Why extrapolating success from CF to bronchiectasis is tricky


By Mardi Chapman

9 Apr 2019

Undefined differences in pathophysiology between cystic fibrosis (CF) and bronchiectasis mean clinicians have to continue to exercise caution in extrapolating evidence from one group to another.

Speaking at the TSANZSRS meeting on Why doesn’t treatment for CF bronchiectasis work in non-CF related bronchiectasis? Associate Professor Luke Hoffman said he thought the topic was however ‘deliberately provocative’.

He said that some treatments do work in both diseases, but that CF was obviously a much more homogenous disease than bronchiectasis.

“Bronchiectasis has been a basket term for all sorts of disease and therefore the response to treatment can be heterogeneous,” he said.

Studies have shown there is a lot of overlap in the microbial DNA, viscosity and purulence of sputum in patients with CF and bronchiectasis – suggesting mucoactive treatments should work across both groups of patients.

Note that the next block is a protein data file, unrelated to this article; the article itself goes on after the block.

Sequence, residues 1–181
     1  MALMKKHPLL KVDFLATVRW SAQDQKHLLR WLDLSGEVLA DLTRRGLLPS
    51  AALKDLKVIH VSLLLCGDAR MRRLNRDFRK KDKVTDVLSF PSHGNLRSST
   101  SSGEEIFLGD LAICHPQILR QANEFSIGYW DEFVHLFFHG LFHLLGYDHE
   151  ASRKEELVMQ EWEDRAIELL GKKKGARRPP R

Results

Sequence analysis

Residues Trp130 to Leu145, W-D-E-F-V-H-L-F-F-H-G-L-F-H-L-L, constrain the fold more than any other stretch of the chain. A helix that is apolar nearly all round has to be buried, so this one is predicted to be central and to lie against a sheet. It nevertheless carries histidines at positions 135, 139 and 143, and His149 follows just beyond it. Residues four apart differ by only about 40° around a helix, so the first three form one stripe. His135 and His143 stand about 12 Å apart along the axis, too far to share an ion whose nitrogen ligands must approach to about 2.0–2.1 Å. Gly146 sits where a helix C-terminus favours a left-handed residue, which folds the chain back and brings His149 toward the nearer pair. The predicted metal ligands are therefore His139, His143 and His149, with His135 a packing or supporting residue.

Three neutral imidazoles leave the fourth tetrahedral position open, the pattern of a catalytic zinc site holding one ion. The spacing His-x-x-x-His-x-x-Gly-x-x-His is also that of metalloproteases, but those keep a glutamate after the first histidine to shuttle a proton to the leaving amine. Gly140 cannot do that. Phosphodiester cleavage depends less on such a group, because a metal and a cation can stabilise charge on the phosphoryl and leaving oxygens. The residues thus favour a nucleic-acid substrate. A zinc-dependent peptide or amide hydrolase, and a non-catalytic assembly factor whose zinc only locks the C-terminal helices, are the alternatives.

However a 2017 meta-analysis confirmed that while hypertonic saline might benefit patients, DNase didn’t, and may in fact be harmful.

This finding reinforced earlier TSANZ guidelines, which contraindicate recombinant human DNase in bronchiectasis and chronic suppurative lung disease.

He added that physiotherapy addressing mucociliary clearance did work in both patient groups.

Associate Professor Hoffman, from the University of Washington and Seattle Children’s Hospital, said the pathogens found in CF and bronchiectasis were often the same players such as Haemophilus, Strep pneumonia, M. catarrhalis, Staph aureus and P. aeruginosa, just with different prevalences.

He added that taxonomically, the microorganisms found in children with CF or bronchiectasis were quite similar but differed by about 50% in adults.

“Are we driving these differences?” he asked.

He said long-term oral antibiotics should not be used routinely in bronchiectasis but were used in children with CF.

“Extrapolating success from CF to bronchiectasis is tricky. Careful consideration of phenotype and endotypes is required,” he said.

He highlighted a recent Review article in Pediatric Pulmonology which addresses the management of bronchiectasis in children.


Already a member?

Login to keep reading.

Email me a login link